One of the most significant motivators for changes in safety leadership in the executive circles in Australia has been the obligation to apply due diligence to occupational health and safety (OHS) matters. The obligation has existed for several years now but is still dominated by legal interpretations rather than managerial ones. To support the legal obligations, OHS professionals should look at how they can add value to due diligence. One way of achieving, and exceeding, compliance of due diligence would be to subject OHS systems and strategies to a peer-review rather than a narrow audit process.
Firstly, a definition and then some elaboration. Workcover NSW defines OHS due diligence as, amongst others:
- “having up-to-date knowledge of WHS matters
- having an understanding of the business or undertaking and generally of the hazards and risks associated with it.
- ensuring the business has (and uses) appropriate resources and processes to eliminate or minimise safety risks from the work carried out
- ensuring that the business has appropriate processes to receive information about incidents, hazards and risks and responding in a timely manner to that information
- ensuring the business has and implements processes to comply with any duty or obligation under WHS laws. These can include:
Up-to-date knowledge could be interpreted as subscribing to an OHS bulletin but WHS (work health and safety) matters is not just the latest legal prosecution or whiz-bang flange. Knowledge is much more than just information; it requires an active engagement in the OHS profession and relevant industry sector. Too many companies seem to be happy with a broad OHS newsletter subscription and the occasional session with a legal representative.
The third element may be the most contentious as it relies on “appropriate resources”. This is not only the number of OHS advisers, for instance, but also the quality of those advisers. One could argue that an OHS professional without a tertiary qualification is less valuable than one who does but each “resource” should be evaluated for the specific worth it can provide the organisation.
This element equally applies to equipment. Inadequate equipment can encourage workers to “make do” with what they have, particularly if the project or operations managers have not allowed sufficient time for a work task to be done safely.
A peer review process should be applied from the initial stages of the OHS process in order to verify that safety has not only been included in the design of objects but also in the design of a system or strategy.
Government policy makers, Courts and academics place enormous value on evidence being validated by being reviewed by peers or, in the case of experimental research, being replicated. Companies do not seem to verify their OHS management systems and strategies except through formalised, and often overly controlled and narrowly applied, audit processes. Audits are often assessments of the existence of something without assessing the quality of that something. For instance, an audit may find that there is a comprehensive sign-in process at the start of a shift but the appearance of a joke signature, such as Adolf Hitler, on the register shows that the process is not being taken seriously by workers and that the supervisors are not verifying the sign-in process. (There are also emergency management issues and other matters processes that rely on an accurate list of people on-site).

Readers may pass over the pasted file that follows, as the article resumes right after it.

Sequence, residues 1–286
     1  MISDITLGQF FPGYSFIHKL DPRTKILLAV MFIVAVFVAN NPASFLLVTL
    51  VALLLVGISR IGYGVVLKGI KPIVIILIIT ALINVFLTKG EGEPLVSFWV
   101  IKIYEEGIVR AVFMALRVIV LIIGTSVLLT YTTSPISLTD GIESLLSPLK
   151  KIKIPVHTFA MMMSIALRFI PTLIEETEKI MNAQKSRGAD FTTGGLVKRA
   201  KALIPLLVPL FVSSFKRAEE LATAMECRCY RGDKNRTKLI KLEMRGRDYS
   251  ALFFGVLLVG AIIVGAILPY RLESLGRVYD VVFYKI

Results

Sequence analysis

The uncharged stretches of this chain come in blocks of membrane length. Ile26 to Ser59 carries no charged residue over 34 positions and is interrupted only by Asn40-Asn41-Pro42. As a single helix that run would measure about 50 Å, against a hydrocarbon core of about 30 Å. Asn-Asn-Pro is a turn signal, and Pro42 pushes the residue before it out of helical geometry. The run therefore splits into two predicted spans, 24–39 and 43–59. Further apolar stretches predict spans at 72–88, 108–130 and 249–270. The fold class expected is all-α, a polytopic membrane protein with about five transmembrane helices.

In a 2007 podcast Professor Michael Quinlan, in relation to major hazards, advocated a “triple-auditing process” which included an audit by the inspectorate, another by company auditors and a third being increased consultation with the workforce. This audit system could be applied to any size business but mostly occurs after OHS management systems have been introduced.
Peer review can be a process of ongoing assurance in development, application and dismantling of an OHS system. Such a review can be embedded in a project or process onsite or could be on-call. It could involve nothing more than a quick second opinion or a detailed verification/questioning of a submission, project brief, or management strategy. But it should be much more than a legal opinion if successful OHS, as we are constantly being told, relies on leadership and organisational culture. Legal opinions rarely assess these crucial OHS elements except in a narrow auditable process described above.
It is important to identify who the “peer” is to be. To apply due diligence, that peer needs to have, expanding upon the WorkcoverNSW elements above, an up-to-date knowledge of WHS matters, an understanding of the business or undertaking and the hazards and risks associated with it, an understanding of the industry and maybe political context in which the company operates, and a capacity to think creatively and to foster innovation.
Establishing a peer review process would strengthen the ability of a company and its executives to claim an appropriate level of due diligence on OHS matters (perhaps a “best practice” or “gold standard” level depending on which cliche is more comfortable). But also this would provide access to a level and breadth of OHS knowledge from which companies can innovate, remain competitive and achieve a longer term sustainability.